Review of Service Relationship with Unaccredited College
The Calgary Police Commission is awaiting the results of an internal investigation into a relationship that the Calgary Police Service formed with an unaccredited California-based college that offered mental healthcare training. The Commission is monitoring the steps taken by the Service to address concerns about the relationship and will decide on any needed next steps following the outcome of that process.
The relationship came to the Commission’s attention following a media report questioning both the college’s legitimacy and the Service’s relationship with it. The Service was asked by the Commission to report on the quality of mental health supports available to employees, and how training and education requests are reviewed.
The Service had already initiated an internal review of its relationship with the college and the early results were presented to the Commission at an in-camera special meeting on Friday, Sept. 16, 2022. The Commission’s special meeting was held in private because the discussion included confidential employee information that cannot be shared publicly.
While all the findings of the initial review cannot be released due to privacy laws and the ongoing investigation, key findings presented to the Commission that can be released are:
- The Service launched a review of their relationship with the college on August 31, 2022, and all dealings with the college were suspended.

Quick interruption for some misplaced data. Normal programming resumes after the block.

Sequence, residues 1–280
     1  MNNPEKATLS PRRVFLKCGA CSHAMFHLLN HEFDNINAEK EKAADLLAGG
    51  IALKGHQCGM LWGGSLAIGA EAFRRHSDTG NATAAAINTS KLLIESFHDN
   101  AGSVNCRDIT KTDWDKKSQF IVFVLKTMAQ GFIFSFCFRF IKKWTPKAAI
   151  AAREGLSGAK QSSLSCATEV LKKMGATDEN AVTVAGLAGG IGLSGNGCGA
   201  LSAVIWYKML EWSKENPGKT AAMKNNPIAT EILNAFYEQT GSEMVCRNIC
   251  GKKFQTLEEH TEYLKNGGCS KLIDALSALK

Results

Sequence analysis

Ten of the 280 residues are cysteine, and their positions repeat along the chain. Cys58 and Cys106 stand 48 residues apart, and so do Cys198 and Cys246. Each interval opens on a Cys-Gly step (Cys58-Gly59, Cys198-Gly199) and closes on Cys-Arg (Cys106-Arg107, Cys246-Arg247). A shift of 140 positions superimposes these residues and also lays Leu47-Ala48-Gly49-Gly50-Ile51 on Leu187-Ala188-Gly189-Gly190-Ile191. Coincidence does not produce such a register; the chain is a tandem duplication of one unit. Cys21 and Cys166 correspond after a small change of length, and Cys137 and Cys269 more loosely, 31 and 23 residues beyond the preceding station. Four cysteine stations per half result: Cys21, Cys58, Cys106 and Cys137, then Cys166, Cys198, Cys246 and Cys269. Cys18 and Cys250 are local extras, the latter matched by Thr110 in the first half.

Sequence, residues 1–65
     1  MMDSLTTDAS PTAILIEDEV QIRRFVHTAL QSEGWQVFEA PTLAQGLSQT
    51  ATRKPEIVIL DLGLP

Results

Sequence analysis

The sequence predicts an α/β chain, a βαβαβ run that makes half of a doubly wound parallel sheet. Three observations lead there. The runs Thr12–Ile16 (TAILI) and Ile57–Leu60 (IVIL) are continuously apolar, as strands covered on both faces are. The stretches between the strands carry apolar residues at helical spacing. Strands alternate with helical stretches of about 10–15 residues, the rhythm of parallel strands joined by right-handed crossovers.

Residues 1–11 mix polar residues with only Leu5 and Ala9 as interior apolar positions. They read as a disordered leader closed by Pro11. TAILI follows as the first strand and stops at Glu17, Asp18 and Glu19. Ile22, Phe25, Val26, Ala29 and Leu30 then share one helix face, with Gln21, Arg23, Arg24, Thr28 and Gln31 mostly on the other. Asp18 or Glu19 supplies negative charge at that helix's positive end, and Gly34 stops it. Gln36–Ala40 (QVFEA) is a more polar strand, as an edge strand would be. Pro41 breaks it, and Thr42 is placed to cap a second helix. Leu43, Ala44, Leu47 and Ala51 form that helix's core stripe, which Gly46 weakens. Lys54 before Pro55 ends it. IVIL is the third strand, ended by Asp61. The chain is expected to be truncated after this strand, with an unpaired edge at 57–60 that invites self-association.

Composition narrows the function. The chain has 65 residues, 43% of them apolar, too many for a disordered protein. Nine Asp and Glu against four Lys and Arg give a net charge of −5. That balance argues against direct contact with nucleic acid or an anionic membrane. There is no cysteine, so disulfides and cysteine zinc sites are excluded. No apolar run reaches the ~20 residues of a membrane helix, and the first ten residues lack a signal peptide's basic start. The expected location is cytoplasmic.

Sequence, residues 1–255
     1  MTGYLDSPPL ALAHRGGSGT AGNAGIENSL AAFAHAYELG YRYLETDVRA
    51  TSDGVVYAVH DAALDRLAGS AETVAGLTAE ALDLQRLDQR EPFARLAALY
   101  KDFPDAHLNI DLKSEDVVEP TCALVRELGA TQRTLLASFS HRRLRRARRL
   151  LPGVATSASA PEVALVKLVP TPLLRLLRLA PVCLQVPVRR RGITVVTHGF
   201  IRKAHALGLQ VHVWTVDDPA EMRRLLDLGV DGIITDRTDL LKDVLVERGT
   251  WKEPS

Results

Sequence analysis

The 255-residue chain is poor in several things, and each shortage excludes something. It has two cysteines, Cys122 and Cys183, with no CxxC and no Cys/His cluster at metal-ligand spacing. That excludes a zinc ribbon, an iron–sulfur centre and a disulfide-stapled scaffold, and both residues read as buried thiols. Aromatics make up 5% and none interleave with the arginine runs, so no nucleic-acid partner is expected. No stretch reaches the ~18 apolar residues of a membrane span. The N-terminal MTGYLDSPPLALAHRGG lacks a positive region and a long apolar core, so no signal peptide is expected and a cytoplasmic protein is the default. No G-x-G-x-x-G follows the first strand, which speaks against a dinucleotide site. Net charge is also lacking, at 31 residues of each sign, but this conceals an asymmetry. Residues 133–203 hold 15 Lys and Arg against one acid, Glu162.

- The relationship with the college was initiated in early 2021 when a proposal was brought forward to have four employees complete degrees with tuition support from the Service. It appears financial support was provided without following the Service’s required process for obtaining post-secondary tuition support.
- Prior to the Service suspending the relationship with the college, two employees had enrolled in degree programs and it had been announced that a third was going to receive an honorary degree.
- Three employees also completed a Police Mental Health Certificate from the college and a two-day course on Critical Incident Stress Debrief was provided to approximately 16 employees.
- The Service has paid approximately $30,000 total for training and education from the college. All training has now been terminated and the Service does not have any outstanding contracts.
- The Service’s policy on subsidizing post-secondary education requires that internal learning and development specialists review all requests for tuition support and that the education occur at accredited post-secondary institutions. The employee must create a learning plan that explains the rationale for taking the education, what courses are included, and how the education aligns with the Service’s business needs. The employee’s commander or manager must first approve the plan and then final approval is made by the Service’s Learning & Development Unit in consultation with a learning governance committee.